Richard Scorer's A Colour Guide to Clouds PDF
By Richard Scorer
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Extra info for A Colour Guide to Clouds
Wet Grass 44. Wet spiders' webs are found when they have been inside a cloud. The tiny fibres catch the cloud droplets whereas larger objects deflect the airflow with the droplets in it and do not capture them. The droplets then amalgamate on the threads into larger drops. This is not dew deposited, though a web might act as a centre for the condensation of dew if it were in the air cooled within an inch or two of the ground. 52 45. Guttation, which is the exuding of water from the tips of the blades of grass, occurs on summer nights when the ground and the roots of the grass are warmer than the air.
Sea fog is common in the warm sectors of depressions. It is also common when tropical air travels over cool sea in other circumstances. Because the sunshine has a negligible heating effect on the cloud itself (See 40), and alters the sea temperature very little (except where the water is very shallow), sea fog is only dispersed when it is carried in the wind over sunwarmed land. Here we see the fog over the water of an estuary being blown on to the land and gradually turned into cumulus. Above is a layer of stratocumulus probably formed by thermals spreading out at that level.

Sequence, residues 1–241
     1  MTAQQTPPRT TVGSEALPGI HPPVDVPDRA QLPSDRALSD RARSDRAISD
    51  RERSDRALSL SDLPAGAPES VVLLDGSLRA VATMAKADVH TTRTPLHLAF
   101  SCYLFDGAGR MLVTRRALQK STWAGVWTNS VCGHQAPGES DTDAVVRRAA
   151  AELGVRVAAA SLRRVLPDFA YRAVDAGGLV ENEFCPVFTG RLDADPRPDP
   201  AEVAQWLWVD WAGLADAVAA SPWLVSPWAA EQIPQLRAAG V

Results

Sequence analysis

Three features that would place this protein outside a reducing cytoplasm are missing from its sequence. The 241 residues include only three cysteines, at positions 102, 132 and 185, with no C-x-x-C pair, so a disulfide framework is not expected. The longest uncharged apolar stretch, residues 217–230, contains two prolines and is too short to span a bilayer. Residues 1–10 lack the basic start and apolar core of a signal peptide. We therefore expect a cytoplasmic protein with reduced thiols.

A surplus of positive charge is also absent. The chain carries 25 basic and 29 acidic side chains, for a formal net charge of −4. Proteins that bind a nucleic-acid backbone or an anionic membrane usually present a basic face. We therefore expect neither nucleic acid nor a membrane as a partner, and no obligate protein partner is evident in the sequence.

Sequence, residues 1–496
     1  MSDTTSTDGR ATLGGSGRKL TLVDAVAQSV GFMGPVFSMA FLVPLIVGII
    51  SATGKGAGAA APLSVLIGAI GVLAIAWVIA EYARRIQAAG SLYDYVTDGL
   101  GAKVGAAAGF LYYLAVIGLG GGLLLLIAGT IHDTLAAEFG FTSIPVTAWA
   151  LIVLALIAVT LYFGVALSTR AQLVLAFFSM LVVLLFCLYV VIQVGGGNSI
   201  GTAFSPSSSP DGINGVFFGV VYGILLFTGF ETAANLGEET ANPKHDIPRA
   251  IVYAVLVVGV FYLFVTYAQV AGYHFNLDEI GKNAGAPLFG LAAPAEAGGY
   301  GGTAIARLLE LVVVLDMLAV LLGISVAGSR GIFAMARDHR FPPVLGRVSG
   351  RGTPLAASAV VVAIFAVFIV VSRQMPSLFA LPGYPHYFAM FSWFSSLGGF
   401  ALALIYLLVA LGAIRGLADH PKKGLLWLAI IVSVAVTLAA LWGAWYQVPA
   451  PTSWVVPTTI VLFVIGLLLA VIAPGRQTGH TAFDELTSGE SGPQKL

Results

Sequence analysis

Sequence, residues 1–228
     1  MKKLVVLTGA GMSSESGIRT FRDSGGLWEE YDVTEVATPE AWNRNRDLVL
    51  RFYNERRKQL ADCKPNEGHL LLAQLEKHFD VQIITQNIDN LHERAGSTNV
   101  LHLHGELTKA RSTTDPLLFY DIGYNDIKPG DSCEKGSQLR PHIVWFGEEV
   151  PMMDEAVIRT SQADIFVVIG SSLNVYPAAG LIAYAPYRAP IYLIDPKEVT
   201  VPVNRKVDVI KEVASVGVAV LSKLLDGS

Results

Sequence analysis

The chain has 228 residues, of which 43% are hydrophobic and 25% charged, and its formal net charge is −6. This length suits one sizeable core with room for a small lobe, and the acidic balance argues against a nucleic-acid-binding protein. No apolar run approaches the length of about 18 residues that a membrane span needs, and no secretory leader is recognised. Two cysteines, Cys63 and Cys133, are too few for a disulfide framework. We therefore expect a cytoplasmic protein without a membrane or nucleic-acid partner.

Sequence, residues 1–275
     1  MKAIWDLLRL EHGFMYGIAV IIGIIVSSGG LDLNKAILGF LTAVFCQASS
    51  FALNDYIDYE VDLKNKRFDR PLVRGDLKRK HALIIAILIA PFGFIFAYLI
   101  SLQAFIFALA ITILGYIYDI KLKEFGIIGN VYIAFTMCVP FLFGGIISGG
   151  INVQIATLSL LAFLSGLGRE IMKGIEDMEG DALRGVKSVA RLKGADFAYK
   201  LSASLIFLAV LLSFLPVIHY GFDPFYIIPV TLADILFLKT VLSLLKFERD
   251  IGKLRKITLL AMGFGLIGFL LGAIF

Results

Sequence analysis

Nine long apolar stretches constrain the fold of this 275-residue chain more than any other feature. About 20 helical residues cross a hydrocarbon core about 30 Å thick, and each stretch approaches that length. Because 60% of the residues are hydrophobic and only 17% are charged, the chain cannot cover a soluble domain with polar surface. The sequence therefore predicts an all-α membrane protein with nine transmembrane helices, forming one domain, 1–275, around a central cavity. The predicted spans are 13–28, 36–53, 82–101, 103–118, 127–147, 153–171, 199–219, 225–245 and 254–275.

38. Circum^enithal arcs are often seen in ice clouds when the sun is low. They are not usually long lasting, and because they are rather high in the sky they are often not noticed. The centre of the arc is vertically above the observer, and the colours are very bright with red towards the sun. They may be seen in many different forms of cirrus including contrails and the thin edges of ice anvils. There is a contrail in this layer of natural cirrus. 46 39. The glory which surrounds the shadow of the observer when it falls on a cloud can only be formed by water droplets, not ice crystals.
A Colour Guide to Clouds by Richard Scorer